borborygmus (noun). a rumbling noise produced in the stomach by the movement of gas

April 11, 2009

So THAT’S the technical term! :D   I had severe indigestion last night and my stomach was really uncomfortable and yeah… you could pretty much hear the borborygmus.

I’m heaps exhausted from spending the day with the family this Good Friday.  I’m not a Christian or anything, but the Easter long weekends means everyone has the day off work, so we get together to catch up and stuff. I am in love wity my baby cousins- there are so many of them! (L) I could honestly hug them to death (though I don’t) because they’re so cuteeeee. They really make me happy.

My brother is playing with Dominoes at the moment, but he is failing miserably. Poor thing.

I hope everyone had an awesome start to their Easter Long Weekend.

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2 Responses to “borborygmus (noun). a rumbling noise produced in the stomach by the movement of gas”

  1. Tee Says:

    Looks like you’ll be having a memorable Easter break. Whilst you are out enjoying yourself, i stumbled upon a few interesting facts that has relevance to our on-going, yet to be settled (by which you unofficially claimed victory) debate about the almighty Hitler.

    So…take a look and you can be the judge to whether my argument has any validity.

    1. The use of gas to kill the mentally insane had been employed in Germany as early as 1939. At an October 1941 meeting where Eichmann was present, a decision was made to use poison gas to kill Jews. Auschwitz, a camp in Poland, was chosen to test this new method, and it was Eichmann who met with the Auschwitz commandant, Rudoph Hoess, to accomplish this. By the end of 1941, zyclon B gas, which had first been tested on Russian prisoners of war, was found to be a faster method that carbon monoxide poisoning (using the exhaust gas from diesel engines).

    http://remember.org/eichmann/study2.htm

    2. “Hitler’s furthest reaching economic achievement was his plan for the ‘People’s Car.’ Conceived as part of a grand strategy of bringing cheap motor vehicles within reach of ordinary people, the plan to build a car named after the Nazi slogan ‘Kraft durch Freude’ (Strength through Joy) was never consummated. The program nonetheless ended up by making an important contribution to the war effort. After the war, the clumsily named KdF-Auto attained world fame as the famous ‘beetle’ and the company producing it, Volkswagenwerk (VW), became West Germany’ best-known industrial concern. The ‘Peoples Car’ was designed from 1934 onwards by Ferdinand Porsche, the veteran vehicle engineer and founder of the Stuttgart car company which bears his name today. Born in northern Bohemia, Porsche made his name in the fledging Austrian vehicle industry and served as technical director and board member at Daimler between 1923 and 1929. He became a member not only of the Nazi Party but also of the SS. The car designer advised Hitler on tank building during the war, but results were not always satisfactory, straining Porsche’s relations with Armaments Minister Speer on more than one occasion. The first prototype of the ‘People’s Car’ was produced in 1935, and the VW company was established in 1938 to build the cars at a massive new factory near the small town of Fallersleben between Hanover and Magdenburg. Spelling out the objectives of the ‘People’s Car’ at the VW factory’s foundation ceremony at Fallersleben in May 1938, Hitler declared: ‘It’s for the great mass of the people that this car has been designed. Its purpose is to answer their needs in transport, and it is intended to give them joy.’ Unfinished when the war started, the plant was swiftly adapted to military production, building 51,000 army ‘bucket cars’ as well as 15,000 amphibious vehicles, tank parts, bomb cases and mines. From 1943 onwards Volkswagen also produced the V-1 flying bomb – the pilot-less aircraft which caused havoc in London towards the end of the war. The ‘People’s’ Volkswagen went into mass production only after the war when 20 million cars were eventually built, both at Wolfsburg and in VW works in Latin America.” From ‘The Germans: The Pivotal Nation’ by David Marsh.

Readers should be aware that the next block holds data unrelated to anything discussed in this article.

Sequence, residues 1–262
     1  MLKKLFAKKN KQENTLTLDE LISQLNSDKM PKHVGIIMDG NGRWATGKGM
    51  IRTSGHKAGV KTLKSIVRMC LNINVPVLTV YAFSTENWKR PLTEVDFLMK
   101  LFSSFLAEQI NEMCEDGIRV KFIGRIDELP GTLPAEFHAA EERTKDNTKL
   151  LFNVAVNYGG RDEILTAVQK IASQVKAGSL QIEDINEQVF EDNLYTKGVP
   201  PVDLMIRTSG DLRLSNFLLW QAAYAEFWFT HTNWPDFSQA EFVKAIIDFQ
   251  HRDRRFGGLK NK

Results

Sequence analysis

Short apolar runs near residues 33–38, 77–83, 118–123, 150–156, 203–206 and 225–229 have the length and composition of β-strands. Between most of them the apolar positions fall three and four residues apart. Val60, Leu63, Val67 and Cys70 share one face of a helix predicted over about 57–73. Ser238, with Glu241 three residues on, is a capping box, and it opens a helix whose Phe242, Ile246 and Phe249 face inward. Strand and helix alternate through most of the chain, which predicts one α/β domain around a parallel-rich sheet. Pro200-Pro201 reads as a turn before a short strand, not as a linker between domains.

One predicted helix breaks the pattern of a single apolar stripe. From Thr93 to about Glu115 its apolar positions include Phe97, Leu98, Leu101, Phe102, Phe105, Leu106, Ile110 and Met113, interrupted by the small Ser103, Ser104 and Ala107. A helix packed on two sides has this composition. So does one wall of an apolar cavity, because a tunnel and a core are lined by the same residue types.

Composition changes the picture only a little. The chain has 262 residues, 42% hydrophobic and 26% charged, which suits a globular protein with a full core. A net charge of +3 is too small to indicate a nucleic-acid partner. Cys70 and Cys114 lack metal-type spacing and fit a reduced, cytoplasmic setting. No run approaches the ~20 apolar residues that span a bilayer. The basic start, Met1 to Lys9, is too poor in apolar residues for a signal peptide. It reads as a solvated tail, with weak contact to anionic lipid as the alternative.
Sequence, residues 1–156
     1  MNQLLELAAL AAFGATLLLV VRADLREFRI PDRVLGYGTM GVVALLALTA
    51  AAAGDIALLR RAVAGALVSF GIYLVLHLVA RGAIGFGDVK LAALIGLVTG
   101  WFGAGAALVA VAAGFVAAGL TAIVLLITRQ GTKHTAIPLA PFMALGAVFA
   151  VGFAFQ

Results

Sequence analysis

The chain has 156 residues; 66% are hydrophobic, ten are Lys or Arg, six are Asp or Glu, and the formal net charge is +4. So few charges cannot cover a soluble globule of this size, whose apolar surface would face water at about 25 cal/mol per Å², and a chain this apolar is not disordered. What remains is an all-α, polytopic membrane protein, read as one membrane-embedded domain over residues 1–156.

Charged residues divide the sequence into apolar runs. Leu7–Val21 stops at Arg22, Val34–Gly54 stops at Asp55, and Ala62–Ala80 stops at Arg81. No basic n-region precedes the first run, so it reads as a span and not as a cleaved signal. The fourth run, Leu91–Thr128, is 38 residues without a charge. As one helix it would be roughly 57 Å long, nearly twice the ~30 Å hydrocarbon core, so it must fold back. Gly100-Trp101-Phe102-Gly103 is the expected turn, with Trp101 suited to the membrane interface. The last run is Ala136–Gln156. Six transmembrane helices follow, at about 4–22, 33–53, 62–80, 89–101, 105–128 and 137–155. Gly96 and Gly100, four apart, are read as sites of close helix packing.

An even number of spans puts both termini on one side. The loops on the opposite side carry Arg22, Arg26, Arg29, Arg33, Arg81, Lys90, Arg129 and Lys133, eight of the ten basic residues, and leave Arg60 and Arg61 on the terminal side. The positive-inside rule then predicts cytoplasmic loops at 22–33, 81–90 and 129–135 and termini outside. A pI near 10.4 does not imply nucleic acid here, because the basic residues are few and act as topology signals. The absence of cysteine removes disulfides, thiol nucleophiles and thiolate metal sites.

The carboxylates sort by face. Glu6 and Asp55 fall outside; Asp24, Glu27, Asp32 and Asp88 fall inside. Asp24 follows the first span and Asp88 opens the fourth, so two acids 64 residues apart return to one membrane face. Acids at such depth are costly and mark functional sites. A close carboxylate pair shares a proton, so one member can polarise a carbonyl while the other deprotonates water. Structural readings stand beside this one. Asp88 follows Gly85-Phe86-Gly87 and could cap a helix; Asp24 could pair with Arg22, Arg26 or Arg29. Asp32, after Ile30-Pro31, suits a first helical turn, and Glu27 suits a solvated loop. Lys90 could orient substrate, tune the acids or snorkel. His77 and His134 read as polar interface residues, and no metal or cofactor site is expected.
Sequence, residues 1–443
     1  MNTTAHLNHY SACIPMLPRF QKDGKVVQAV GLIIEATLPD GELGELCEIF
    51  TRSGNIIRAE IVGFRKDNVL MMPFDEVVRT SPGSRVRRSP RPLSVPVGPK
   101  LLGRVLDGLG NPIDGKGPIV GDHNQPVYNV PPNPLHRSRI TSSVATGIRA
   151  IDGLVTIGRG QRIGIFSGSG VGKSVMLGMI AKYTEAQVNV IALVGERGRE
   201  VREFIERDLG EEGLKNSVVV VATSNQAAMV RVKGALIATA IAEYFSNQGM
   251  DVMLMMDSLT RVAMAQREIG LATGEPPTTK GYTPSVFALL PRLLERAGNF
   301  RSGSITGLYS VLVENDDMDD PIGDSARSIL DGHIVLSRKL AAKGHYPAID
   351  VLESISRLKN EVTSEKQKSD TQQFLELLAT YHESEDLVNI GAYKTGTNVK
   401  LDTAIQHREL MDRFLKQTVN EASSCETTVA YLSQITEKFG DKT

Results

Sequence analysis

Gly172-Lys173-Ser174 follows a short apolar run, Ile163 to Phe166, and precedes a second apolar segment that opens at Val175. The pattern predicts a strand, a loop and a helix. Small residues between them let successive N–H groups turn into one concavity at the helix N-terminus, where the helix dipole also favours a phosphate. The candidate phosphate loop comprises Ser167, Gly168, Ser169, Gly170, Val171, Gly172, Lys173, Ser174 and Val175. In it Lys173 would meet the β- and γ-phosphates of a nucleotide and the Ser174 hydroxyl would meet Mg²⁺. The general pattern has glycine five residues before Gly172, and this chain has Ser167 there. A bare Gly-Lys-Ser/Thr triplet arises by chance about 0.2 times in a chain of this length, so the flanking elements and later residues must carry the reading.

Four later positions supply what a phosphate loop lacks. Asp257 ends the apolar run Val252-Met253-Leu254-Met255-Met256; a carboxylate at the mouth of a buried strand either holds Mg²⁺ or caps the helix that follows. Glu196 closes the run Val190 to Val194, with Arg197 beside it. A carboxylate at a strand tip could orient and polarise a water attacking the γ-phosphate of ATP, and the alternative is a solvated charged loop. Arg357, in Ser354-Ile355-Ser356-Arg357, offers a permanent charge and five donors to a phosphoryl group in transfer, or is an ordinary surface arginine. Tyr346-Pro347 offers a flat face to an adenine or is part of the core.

http://members.tripod.com/~Propagander2/index-6.html

    As we all know, most vehicles that are used in warfare consume diesel not petrol for reasons such as fuel mileage. From my second fact, it is ever so evident that hitler did produce cars and thus owned a car company. So with this in mind, would it not be logical that hitler used the carbon monoxide from his diesel cars to commit genocide (as stated in the first fact)?

    i would also like to acknowledge my sources. Hours were spent researching to ensure that information is credible.

    Thankyou for reading.
    Tee

  2. Tee Says:

    my apologies.i did take up quite a lot of space in the comment section

    sorry fellow commenteers
    yours sincerely,
    Tee

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